• Restore to developing countries the atmospheric space that is occupied by their greenhouse gas emissions. This implies the decolonization of the atmosphere through the reduction and absorption of their emissions;
• Assume the costs and technology transfer needs of developing countries arising from the loss of development opportunities due to living in a restricted atmospheric space;
• Assume responsibility for the hundreds of millions of people that will be forced to migrate due to the climate change caused by these countries, and eliminate their restrictive immigration policies, offering migrants a decent life with full human rights guarantees in their countries;
–We deplore attempts by countries to annul the Kyoto Protocol, which is the sole legally binding instrument specific to the reduction of greenhouse gas emissions by developed countries.
–We categorically reject the illegitimate “Copenhagen Accord” that allows developed countries to offer insufficient reductions in greenhouse gases based in voluntary and individual commitments, violating the environmental integrity of Mother Earth and leading us toward an increase in global temperatures of around 4°C.
–The next Conference on Climate Change to be held at the end of 2010 in Mexico should approve an amendment to the Kyoto Protocol for the second commitment period from 2013 to 2017 under which developed countries must agree to significant domestic emissions reductions of at least 50 percent based on 1990 levels, excluding carbon markets or other offset mechanisms that mask the failure of actual reductions in greenhouse gas emissions.
–The United Nations Declaration on the Rights of Indigenous Peoples must be fully recognized, implemented and integrated in climate change negotiations. The best strategy and action to avoid deforestation and degradation and protect native forests and jungles is to recognize and guarantee collective rights to lands and territories, especially considering that most of the forests are located within the territories of indigenous peoples and nations and other traditional communities.
–We condemn market mechanisms such as REDD (Reducing Emissions from Deforestation and Forest Degradation) and its versions + and + +, which are violating the sovereignty of peoples and their right to prior free and informed consent as well as the sovereignty of national States, the customs of Peoples, and the Rights of Nature.
–Establish an International Tribunal of Conscience to denounce, make visible, document, judge and punish violations of the rights of migrants, refugees and displaced persons within countries of origin, transit and destination, clearly identifying the responsibilities of States, companies and other agents.
–In view of the inefficiency of the current mechanism, a new funding mechanism should be established at the 2010 Climate Change Conference in Mexico, functioning under the authority of the Conference of the Parties (COP) under the United Nations Framework Convention on Climate Change and held accountable to it, with significant representation of developing countries, to ensure compliance with the funding commitments of Annex 1 countries.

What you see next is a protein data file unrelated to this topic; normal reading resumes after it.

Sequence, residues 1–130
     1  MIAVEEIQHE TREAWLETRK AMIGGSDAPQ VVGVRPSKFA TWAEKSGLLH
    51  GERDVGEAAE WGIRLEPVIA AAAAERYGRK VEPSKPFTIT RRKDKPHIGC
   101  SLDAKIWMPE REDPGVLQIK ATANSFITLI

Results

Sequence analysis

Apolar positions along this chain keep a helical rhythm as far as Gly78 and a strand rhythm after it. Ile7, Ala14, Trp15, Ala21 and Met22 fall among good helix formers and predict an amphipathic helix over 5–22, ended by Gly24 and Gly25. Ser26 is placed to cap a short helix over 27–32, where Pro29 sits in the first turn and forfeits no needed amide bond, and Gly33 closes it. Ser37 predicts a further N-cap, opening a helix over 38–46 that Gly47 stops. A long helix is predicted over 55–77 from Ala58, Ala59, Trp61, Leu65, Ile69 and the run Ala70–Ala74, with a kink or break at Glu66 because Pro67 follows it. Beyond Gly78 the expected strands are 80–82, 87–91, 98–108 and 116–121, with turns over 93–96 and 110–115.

–Considering the lack of political will on the part of developed countries to effectively comply with commitments and obligations assumed under the United Nations Framework Convention on Climate Change and the Kyoto Protocol, and given the lack of a legal international organism to guard against and sanction climate and environmental crimes that violate the Rights of Mother Earth and humanity, we demand the creation of an International Climate and Environmental Justice Tribunal that has the legal capacity to prevent, judge and penalize States, industries and people that by commission or omission contaminate and provoke climate change.
–To this end, we adopt the attached global plan of action so that in Mexico, the developed countries listed in Annex 1 respect the existing legal framework and reduce their greenhouse gases emissions by 50 percent, and that the different proposals contained in this Accord are
–Finally, we agree to undertake a Second World People’s Conference on Climate Change and the Rights of Mother Earth in 2011 as part of this process of building the Global People’s Movement for Mother Earth and reacting to the outcomes of the Climate Change Conference to be held at the end of this year in Cancun, Mexico.
Brenda Norrell is a freelance writer and Americas Program border analyst, www.americaspolicy.org. Her blog can be found at http://www.bsnorrell.blogspot.com/.
For more information:
World Peoples Conference on Climate Change and the Rights of Mother Earth
Indigenous Environmental Network
Alaska Inter-tribal Council
O’odham Solidarity Movement